Galantamine

7 03 2014

Galantamine or galanthamine is an alkaloid used in the treatment of Alzheimer’s disease, dementia and other memory related conditions.

It is derived either synthetically or from the bulbs and flowers of certain types of Caucasian snowdrops, snowflakes, daffodils and lycoris, the red spider lily.

Other brand names include: Nivalin, Razadyne, Razadyne ER, Reminyl, and Lycoremine.

Galantamine was first developed in the Soviet Union in the early 1950s by two Soviet pharmacologists.

Sopharma of Bulgaria began the first industrial process in 1959 where Nivalin (galantamine hydrobromide) was extracted from a snowdrop species known locally for its medicinal properties.

Field of snowdrops - galantamine molecule

“I love the smell of galantamine in the morning…”

Galantamine acts as an acetylcholinesterase inhibitor which has the effect of increasing acetylcholine in the brain.

Acetylcholine itself being one of the many neurotransmitters found in the central nervous system.

The absorption of galantamine is rapid, with a peak ACh inhibition within 1 hour, whilst the half-life is about 7 hours.

Side effects can include gastrointestinal symptoms and insomnia.

 

Galantamine and lucid dreaming

Galantamine is probably the best known dream-enhancing supplement used in the lucid dream community where it has developed a cult status where even Thomas Yuschak has an exclusive chapter on the subject in his book ‘Advanced Lucid Dreaming – The Power of Supplements.’

Stephen LaBerge has a patent application (US20040266659) which relates to lucid dreaming, dream recall and the use of memory enhancing drugs which includes the class known as acetylcholine esterase inhibitors, namely Donepizil, Rivastigmin, Galantamine and Huperzine.

 

I present this as a guide only. It is not intended to be seen as an endorsement.

Galantamine is usually taken orally where it is supplied in 4 or 8 mg tablet form, although it is usually combined with chlorine (like choline bitartrate) as a precursor is needed for galantamine to work more effectively.

The supplement is best taken after 4 or 5 hours of sleep when a person’s R.E.M. periods are longer, therefore increasing the likelihood of a vivid or lucid-type dream, along with better recall of the event.

I should point out that any person who considers taking supplements for the first time should thoroughly research the topic and/or seek medical advice where necessary.

Tell your doctor if you are using any other drugs, medicines or herbal products which could interact with galantamine, especially if they are chlorogenic or antichlorogenic, SSRI anti-depressants, heart drugs such as beta-blockers and NSAIDs including aspirin.

It is advisable the lucid dream student does not to take galantamine too frequently. Galantamine itself takes approximately up to 48 hours to leave the body.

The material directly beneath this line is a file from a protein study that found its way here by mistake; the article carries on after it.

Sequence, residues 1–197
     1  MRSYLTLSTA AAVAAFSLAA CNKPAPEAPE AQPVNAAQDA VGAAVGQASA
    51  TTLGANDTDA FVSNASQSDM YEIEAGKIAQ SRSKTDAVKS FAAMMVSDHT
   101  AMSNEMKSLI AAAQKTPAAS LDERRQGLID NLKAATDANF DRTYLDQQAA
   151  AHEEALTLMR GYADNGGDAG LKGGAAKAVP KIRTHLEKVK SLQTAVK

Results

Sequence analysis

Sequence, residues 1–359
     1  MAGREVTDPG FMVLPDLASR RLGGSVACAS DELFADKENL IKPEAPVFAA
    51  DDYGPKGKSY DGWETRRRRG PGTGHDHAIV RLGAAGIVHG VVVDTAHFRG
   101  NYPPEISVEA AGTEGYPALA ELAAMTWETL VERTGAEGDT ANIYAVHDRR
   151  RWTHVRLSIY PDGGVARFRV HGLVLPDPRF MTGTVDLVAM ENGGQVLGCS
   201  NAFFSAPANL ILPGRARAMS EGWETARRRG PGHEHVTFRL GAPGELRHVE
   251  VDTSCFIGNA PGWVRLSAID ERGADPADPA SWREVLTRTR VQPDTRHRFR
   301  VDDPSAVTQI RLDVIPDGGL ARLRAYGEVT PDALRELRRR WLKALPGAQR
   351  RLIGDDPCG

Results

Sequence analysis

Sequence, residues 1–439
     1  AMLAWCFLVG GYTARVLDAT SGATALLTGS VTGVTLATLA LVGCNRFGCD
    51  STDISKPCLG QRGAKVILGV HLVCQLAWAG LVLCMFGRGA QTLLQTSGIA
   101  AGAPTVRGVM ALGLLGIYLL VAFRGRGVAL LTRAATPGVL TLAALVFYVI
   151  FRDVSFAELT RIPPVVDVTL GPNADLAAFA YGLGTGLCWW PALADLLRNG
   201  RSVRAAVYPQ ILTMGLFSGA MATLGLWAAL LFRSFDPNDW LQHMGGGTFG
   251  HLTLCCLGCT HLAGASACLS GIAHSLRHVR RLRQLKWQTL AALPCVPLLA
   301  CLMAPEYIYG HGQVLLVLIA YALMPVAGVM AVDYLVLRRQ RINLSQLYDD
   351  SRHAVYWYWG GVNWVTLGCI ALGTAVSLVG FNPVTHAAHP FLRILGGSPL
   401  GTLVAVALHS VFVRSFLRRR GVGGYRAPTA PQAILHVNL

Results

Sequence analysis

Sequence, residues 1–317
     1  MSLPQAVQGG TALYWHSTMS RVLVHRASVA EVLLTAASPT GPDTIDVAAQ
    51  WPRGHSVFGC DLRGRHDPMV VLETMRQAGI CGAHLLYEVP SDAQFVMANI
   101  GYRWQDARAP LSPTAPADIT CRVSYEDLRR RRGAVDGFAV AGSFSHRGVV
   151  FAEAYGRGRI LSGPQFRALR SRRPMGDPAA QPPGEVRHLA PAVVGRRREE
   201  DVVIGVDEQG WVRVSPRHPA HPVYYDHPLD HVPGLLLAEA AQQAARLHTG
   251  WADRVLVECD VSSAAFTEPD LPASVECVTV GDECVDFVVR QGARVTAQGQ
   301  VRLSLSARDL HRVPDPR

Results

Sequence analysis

It is strongly recommended not to take it on two consecutive nights.

Yuschak recommends a period of between 4 days in between individual dosage, although he recommends the use of the Nootropic piracetam to counter the desensitization of acetylcholine receptors in the brain from the galantamine immediately after having a lucid dream.

I personally have no experience in using piracetam in this instance so I cannot comment further on this.

I have found a 4/200 mg galantamine/choline combination useful where I have experienced a lot more transition and false awakening episodes, although I have found the dream control using galantamine difficult at times.

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Supplements – what’s your poison?

2 02 2014
wake back to bed by rob

WBTB by Rob

Everybody has heard of the ‘natural’ lucid dreamer, but even they need a little help during a dry spell.

With a new approach and sensible use then a supplement can help to boost your performance providing you listen to your body and not overdo things.

With any new regimen it is always best to seek medical advice where possible before hand.

Make sure you dose low initially to reduce side-effects and note any undue reactions or allergies.

Try to avoid mixing unless you know what you are doing and always do thorough research before starting any trial.

Make notes alongside your dream journal entries too for future reference.

Knowing the best times to take a particular substance and how long it stays in the body is also useful.

 

A good guide for the serious dream student is the book entitled ‘Advanced Lucid Dreaming – The Power of Supplements’ by Thomas Yuschak. ISBN 978-1-4303-0542-2

Common supplements include 5-HTP (5-Hydroxytryptophan, a naturally occurring amino acid) which is generally taken orally at the start of the night basically to suppress REM sleep thereby causing a rebound later on.

Remember never mix SSRIs (Selective Serotonin Reuptake Inhibitors) which include antidepressants and the mood lifting herb St John’s wort for example.

A life-threatening condition called ‘serotonin syndrome’  can otherwise result.

 

The anti-Alzheimer chemical galantamine, especially when combined with a choline supplement is probably the most effective dream-enhancing substance available for the oneironaut.

It is usually taken after 4 to 6 hours of sleep to be effective.

 

However I hear some people swear by apple juice, bananas, coffee, Vitamin B6, a peanut butter sandwich, etc.

Even alcohol can affect a subject’s dreams due to REM rebound effects.